I’m aware that many consider ZAMM an insightful novel and even profound intellectual entertainment. Some have gone as far as dubbing it a well-crafted piece of fiction. I do not share these sentiments, but I respect them.
The narrator (father) seemed like a ‘reflective’ man, attempting to sort out his personal and professional struggle and trying to understand the nature of ‘quality’ and how it can be captured, described or illuminated. Some readers found this struggle fascinating and thought-provoking, while I personally found it poorly communicated, not just on a conceptual level but on a literary level as well.
The use of ‘motorcycle’ is supposed to be the analogy of the romantic (form) and the classical (function). According to the narrator, there are two ways of experiencing a motorcycle: romantically and classically. The romantic experience of a motorcycle involves riding it down a mountain road, going past a soft meadow or prairie, and being completely absorbed by the wind rushing past.
The classical or functional experience of a motorcycle is to understand the inner mechanism of the machine—how the various different mechanical parts work together in harmony and to know how to tighten a bolt or to fix any maintenance problems. Being romantic is to experience living in the present state, whereas being rational or classical is to connect the past to the future and thus continue to accumulate the collective wisdom and knowledge down through the generations.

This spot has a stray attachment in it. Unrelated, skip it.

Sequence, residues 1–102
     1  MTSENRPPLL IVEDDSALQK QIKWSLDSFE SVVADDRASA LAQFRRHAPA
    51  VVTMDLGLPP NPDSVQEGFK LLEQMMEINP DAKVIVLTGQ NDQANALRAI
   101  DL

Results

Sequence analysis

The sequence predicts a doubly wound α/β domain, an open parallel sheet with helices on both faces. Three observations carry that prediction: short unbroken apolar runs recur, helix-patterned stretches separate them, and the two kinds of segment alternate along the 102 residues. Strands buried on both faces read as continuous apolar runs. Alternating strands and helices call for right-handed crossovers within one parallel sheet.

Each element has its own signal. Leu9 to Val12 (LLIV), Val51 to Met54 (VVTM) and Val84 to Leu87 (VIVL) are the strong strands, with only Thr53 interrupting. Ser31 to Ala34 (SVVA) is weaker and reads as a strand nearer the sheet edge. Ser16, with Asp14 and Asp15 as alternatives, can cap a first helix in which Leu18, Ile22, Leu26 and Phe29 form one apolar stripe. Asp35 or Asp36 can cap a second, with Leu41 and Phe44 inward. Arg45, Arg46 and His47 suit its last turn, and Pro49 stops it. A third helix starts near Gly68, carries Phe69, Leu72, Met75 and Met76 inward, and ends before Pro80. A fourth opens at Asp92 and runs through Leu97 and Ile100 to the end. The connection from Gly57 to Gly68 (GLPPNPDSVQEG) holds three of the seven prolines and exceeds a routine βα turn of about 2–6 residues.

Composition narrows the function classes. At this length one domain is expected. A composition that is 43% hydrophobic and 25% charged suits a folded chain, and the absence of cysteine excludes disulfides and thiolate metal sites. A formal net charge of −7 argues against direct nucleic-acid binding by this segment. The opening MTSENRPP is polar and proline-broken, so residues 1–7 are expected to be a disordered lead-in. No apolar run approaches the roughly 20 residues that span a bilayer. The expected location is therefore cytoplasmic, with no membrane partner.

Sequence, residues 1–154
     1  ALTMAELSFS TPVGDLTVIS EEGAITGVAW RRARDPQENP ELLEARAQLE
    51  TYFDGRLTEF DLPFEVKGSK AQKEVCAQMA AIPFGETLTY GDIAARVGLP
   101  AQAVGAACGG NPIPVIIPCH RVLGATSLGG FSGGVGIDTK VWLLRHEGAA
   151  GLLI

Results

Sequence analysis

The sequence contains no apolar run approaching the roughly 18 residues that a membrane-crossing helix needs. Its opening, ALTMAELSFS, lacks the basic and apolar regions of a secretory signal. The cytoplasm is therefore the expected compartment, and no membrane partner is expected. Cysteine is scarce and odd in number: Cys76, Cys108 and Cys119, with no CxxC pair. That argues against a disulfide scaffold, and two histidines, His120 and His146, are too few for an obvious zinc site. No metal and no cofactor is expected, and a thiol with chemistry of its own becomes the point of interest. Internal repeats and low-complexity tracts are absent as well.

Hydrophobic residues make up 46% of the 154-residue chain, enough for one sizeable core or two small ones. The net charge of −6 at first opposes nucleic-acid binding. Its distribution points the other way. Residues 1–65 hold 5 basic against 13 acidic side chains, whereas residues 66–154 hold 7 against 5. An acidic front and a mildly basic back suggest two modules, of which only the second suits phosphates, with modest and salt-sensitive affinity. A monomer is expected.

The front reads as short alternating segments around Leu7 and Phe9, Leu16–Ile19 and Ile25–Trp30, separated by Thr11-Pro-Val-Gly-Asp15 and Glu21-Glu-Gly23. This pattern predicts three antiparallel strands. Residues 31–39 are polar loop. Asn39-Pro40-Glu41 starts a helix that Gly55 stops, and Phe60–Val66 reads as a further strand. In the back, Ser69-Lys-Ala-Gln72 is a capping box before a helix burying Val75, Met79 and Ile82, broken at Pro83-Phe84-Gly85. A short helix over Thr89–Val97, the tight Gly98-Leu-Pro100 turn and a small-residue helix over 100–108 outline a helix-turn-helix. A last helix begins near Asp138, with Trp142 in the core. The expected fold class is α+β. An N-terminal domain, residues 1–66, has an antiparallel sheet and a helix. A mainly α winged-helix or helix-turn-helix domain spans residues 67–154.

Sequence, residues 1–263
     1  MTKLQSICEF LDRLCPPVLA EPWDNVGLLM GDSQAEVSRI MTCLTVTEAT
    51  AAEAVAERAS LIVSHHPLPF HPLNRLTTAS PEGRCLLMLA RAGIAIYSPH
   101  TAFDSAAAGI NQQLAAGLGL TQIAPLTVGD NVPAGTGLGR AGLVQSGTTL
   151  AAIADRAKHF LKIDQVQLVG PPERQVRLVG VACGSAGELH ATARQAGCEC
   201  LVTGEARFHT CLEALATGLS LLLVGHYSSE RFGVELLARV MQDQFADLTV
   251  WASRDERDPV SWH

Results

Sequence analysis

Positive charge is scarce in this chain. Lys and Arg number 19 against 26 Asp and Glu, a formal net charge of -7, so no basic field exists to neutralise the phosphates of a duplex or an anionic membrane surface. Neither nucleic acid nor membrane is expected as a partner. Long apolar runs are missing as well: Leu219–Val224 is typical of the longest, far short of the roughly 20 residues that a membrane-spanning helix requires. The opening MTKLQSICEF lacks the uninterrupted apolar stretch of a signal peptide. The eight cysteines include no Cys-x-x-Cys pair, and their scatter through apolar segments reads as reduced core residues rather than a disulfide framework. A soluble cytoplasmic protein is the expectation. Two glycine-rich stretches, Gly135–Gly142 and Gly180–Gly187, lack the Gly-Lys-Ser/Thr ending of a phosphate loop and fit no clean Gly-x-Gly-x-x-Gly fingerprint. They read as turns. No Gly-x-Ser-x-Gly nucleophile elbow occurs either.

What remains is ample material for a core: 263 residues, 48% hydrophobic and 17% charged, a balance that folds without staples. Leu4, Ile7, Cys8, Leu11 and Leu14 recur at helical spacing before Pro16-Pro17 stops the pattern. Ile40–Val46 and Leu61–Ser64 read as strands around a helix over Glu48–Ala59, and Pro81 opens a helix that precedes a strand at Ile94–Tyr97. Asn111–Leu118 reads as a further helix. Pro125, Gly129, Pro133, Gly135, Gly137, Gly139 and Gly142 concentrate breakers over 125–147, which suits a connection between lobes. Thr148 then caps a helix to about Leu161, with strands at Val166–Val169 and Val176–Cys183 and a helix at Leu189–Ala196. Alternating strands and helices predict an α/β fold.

Through this analogy we are supposed to appreciate both the emotional and logical modes of our life experience, and obtain a sense of how the two interact and reinforce one another. Indeed, the narrator’s romantic experience of his motorcycle was not merely informed but enlarged and uplifted by his classical knowledge of it. That true enlightenment comes from an organic melding of the two flavors is a notion I can certainly understand has broad appeal. However, I think there have been far better treatments of this concept (Sophie’s World comes to mind, a book that maintained a genuine sense of curiosity throughout but avoided making any grandiose or overarching claims). Most unfortunate from where I stand, though, is that I found ZAMM a particularly unpleasing, banal and unimpressive read.
Feature image: Fresh Day by ingo karnicnik